Yesterday Pennsylvania Gov. Tom Corbett proposed lifting the cap on the state’s oil company franchise tax, the tax applied to gasoline sold at the wholesale level, boasting that it will siphon an additional $5 billion from the private economy over the next five years.
Let’s get the obvious out of the way: this proposal is a tax increase. Corbett’s proposal would more than double the state tax on gasoline sold at the wholesale level. Corbett’s proposal also ignores the basic laws of economics. Corporations don’t pay taxes, people do. In the case of Corbett’s proposal, it will lead to higher fuel prices for Pennsylvanians at the pump.
In announcing his plan yesterday, Gov. Corbett stated that it is “time for oil and gas companies to pay their fair share.” Corbett’s statement betrays a lack of understanding about who it is that owns oil companies. Less than 2 percent of oil and natural gas industry shares are owned by corporate management. The rest are owned by tens of tens of millions of middle-class Americans through their retirement investments in 401(k)’s, IRAs, pensions and other vehicles.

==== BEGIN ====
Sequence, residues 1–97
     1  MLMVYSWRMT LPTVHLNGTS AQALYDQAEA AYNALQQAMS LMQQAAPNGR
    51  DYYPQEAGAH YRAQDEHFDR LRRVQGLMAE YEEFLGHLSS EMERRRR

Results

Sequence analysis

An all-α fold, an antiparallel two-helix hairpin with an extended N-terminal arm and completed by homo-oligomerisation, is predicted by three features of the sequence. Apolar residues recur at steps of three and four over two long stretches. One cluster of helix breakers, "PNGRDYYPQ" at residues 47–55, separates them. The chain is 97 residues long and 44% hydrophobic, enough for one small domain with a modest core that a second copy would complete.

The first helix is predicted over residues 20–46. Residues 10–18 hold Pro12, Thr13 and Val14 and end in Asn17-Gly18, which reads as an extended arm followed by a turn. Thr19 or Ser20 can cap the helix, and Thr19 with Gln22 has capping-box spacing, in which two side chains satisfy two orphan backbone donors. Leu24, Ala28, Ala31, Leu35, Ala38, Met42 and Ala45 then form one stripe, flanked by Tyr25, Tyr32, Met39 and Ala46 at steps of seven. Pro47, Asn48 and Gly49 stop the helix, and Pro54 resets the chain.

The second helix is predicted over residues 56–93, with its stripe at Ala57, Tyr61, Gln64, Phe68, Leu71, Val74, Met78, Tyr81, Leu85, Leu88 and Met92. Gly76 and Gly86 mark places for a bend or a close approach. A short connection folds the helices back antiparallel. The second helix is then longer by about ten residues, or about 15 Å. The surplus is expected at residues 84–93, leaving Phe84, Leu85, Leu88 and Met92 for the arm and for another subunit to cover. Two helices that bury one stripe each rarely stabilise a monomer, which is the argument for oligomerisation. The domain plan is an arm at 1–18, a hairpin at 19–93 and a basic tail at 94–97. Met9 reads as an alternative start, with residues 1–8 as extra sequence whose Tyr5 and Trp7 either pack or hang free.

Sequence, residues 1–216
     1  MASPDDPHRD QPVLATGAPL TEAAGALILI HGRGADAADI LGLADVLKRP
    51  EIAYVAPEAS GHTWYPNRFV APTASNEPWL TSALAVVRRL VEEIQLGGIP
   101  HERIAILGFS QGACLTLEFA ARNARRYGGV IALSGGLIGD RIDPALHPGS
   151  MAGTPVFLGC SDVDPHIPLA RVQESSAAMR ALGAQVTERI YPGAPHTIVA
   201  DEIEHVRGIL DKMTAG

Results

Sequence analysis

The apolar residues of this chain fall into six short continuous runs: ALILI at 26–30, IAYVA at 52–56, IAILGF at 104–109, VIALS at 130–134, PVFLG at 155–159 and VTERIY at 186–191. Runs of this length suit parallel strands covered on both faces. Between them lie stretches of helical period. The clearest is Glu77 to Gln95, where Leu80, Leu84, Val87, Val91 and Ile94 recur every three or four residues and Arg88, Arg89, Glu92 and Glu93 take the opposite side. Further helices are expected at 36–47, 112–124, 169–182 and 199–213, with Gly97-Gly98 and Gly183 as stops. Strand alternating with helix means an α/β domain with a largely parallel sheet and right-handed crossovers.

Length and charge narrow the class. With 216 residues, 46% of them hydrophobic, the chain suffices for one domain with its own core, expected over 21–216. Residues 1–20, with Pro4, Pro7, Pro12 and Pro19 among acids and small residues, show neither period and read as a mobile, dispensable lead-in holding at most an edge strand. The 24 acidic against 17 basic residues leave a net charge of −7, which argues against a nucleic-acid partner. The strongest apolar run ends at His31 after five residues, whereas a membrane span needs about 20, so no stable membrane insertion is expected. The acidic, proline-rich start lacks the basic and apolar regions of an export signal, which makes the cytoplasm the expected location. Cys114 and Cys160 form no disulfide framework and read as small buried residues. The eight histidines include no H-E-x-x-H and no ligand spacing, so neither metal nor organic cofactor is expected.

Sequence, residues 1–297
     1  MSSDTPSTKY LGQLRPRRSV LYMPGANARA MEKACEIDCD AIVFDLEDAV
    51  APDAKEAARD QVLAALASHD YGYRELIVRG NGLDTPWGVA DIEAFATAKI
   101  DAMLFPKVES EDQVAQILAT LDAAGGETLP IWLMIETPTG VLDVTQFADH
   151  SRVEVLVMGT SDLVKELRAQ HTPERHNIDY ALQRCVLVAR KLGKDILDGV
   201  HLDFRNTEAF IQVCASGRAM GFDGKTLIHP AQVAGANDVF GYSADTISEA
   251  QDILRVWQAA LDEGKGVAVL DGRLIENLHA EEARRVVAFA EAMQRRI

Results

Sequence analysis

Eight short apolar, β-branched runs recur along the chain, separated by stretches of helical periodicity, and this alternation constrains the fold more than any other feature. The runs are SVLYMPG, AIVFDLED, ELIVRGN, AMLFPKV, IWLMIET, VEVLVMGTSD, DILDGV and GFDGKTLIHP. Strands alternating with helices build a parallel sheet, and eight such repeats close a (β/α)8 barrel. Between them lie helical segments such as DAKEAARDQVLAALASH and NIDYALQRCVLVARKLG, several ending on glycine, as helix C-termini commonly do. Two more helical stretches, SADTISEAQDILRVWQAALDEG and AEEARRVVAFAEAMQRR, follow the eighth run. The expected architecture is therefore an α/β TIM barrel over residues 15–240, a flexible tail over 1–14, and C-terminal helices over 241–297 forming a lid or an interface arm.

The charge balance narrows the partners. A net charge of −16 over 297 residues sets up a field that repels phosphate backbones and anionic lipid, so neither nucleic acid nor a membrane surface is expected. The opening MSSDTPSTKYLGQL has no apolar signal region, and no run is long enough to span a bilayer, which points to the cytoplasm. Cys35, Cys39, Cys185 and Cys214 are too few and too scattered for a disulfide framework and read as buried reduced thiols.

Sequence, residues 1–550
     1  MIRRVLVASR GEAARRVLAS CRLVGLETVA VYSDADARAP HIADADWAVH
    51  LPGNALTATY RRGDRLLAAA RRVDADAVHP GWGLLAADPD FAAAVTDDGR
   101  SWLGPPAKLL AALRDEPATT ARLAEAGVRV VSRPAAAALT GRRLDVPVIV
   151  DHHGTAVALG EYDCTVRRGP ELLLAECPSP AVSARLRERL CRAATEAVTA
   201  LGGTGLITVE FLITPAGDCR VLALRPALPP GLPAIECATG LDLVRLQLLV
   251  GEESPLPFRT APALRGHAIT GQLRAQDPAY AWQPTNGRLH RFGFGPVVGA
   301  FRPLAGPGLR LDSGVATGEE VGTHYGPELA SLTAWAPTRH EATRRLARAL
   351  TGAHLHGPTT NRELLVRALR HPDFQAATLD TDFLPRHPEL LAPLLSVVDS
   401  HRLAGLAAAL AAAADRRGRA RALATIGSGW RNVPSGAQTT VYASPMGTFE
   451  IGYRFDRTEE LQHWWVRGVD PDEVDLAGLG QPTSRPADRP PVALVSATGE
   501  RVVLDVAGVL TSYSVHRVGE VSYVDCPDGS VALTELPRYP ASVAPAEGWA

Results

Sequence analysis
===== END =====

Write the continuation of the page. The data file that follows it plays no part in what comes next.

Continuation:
Gov. Corbett doesn’t think oil companies are paying their “fair share”, but as ATR pointed out in the Philadelphia Inquirer, “the energy industry has generated more than $7 billion in taxes, royalties, lease payments, and fees in the state over the past five years, along with tens of thousands of high-paying jobs.”
Yes, there are roads and bridges across Pennsylvania in need of repair. But Pennsylvania can address these needs by prioritizing current spending. In fact, had Pennsylvania simply kept spending in line with population growth and inflation during the last decade, the state would have surplus of over $90 billion sitting in reserve. If infrastructure improvement is a priority, Pennsylvania lawmakers should make it one within in the current budget.